Mentorship and Networking: Findings from Cunningham and Sagas (2004) emphasize the importance of mentorship and networking for aspiring female coaches. Building relationships with experienced coaches and seeking mentorship can provide valuable guidance and open doors to coaching opportunities.

Advocacy and Policy Change: Research by Pastore (2017) highlights the role of advocacy and policy change in addressing gender disparities in coaching. Women can join or support organizations and initiatives advocating for gender equity in sports coaching to create a more inclusive environment.

Creating Supportive Networks: Scholars like Fink and Pastore (2008) emphasize the importance of creating supportive networks of female coaches. Establishing communities of like-minded individuals can provide emotional support, share experiences, and help navigate the challenges unique to women in coaching. (Women in the Game seems to be a great example of just such a support system for young women in sport.)

Challenging Stereotypes: A study by Koivula (1999) underscores the significance of challenging stereotypes. Women can actively challenge gender stereotypes by demonstrating their coaching competence and expertise, ultimately changing perceptions over time.

Pursuing Leadership Roles: Research by Brooks (2002) highlights the importance of pursuing leadership roles within sports organizations. Women who aspire to be coaches can seek positions in sports administration and management, where they can influence hiring decisions and policies.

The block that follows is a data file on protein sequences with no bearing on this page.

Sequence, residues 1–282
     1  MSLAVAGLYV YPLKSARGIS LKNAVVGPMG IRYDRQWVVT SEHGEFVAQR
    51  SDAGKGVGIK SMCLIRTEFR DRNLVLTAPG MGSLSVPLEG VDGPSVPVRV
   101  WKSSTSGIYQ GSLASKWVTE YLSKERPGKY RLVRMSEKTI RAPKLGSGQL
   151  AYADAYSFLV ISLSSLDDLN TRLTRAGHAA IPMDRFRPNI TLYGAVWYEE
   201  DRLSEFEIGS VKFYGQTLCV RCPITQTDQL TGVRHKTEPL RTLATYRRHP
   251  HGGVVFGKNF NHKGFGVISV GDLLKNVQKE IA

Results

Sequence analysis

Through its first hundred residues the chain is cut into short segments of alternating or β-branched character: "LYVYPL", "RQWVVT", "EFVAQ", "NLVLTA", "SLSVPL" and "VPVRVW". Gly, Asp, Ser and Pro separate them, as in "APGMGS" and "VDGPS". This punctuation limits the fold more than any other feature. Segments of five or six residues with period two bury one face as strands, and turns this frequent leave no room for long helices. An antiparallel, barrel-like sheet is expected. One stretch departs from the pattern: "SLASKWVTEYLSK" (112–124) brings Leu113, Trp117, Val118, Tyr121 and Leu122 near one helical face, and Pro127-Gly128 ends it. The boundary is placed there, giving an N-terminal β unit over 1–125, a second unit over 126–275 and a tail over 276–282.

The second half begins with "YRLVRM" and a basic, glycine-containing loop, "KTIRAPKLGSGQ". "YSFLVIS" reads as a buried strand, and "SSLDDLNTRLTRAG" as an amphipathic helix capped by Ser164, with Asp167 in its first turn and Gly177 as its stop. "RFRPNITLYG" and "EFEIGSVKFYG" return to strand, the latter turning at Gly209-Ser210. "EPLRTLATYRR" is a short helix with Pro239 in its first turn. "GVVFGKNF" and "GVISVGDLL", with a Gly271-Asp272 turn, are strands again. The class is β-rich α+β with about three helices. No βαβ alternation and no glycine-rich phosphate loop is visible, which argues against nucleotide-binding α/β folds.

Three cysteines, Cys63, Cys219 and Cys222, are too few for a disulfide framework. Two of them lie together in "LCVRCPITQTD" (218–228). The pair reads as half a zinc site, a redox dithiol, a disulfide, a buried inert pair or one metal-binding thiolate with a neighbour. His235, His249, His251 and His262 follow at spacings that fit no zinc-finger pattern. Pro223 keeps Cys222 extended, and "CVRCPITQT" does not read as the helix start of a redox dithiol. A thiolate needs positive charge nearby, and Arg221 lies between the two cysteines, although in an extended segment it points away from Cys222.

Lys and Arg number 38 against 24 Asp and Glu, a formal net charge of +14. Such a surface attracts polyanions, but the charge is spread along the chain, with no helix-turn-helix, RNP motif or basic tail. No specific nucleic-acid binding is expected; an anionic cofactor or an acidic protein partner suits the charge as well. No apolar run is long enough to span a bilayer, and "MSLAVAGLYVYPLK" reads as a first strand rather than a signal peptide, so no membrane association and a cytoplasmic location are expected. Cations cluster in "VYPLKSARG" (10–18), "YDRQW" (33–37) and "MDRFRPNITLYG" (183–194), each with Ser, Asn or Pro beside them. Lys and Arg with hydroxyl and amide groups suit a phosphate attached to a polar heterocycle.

By employing even some of these strategies, women can proactively address the challenges they face in becoming coaches at the highest level of sports and work towards greater gender equity in coaching roles.

As we continue to navigate this complex issue, it’s important to remember that the path to equality in sport coaching requires collective effort and ongoing commitment. We all have a role to play in championing women in sport coaching and ensuring that their sport knowledge and skills are recognized and valued.

For more insights into this topic and other sport knowledge, please visit Let’s work together to pave the way for more women coaches at the top levels of sports.


•    Acosta, R. V., & Carpenter, L. J. (2012). Women in intercollegiate sport: A longitudinal, national study, thirty-seven-year update, 1977-2014. Brooklyn, NY: Brooklyn College, City University of New York.

•    Brooks, D. D. (2002). Coaching in a man’s world: Women coaches’ experiences of sexism and social isolation. Sociology of Sport Journal, 19(1), 56-74.

•    Cunningham, G. B., & Sagas, M. (2004). Organizational socialization in coaching: A retrospective look at gender and mentoring. Journal of Sport Management, 18(2), 227-243.

•    US Department of Education, Equity in Athletics Data Analysis.

•    United States Olympic and Paralympic Committee, “Female Coaches”. (2023)

•    Fink, J. S., & Pastore, D. L. (2008). Female coaches’ experiences: Title IX and opportunities for women in coaching. Journal of Issues in Intercollegiate Athletics, 1, 83-102.

•    Koivula, N. (1999). Sport participation: Differences in motivation and actual participation due to gender typing. Journal of Sport Behavior, 22(3), 360-380.

•    Pastore, D. L. (2017). Title IX and women coaches in the United States: Continuing challenges and opportunities. Journal of Global Sport Management, 2(1), 11-26.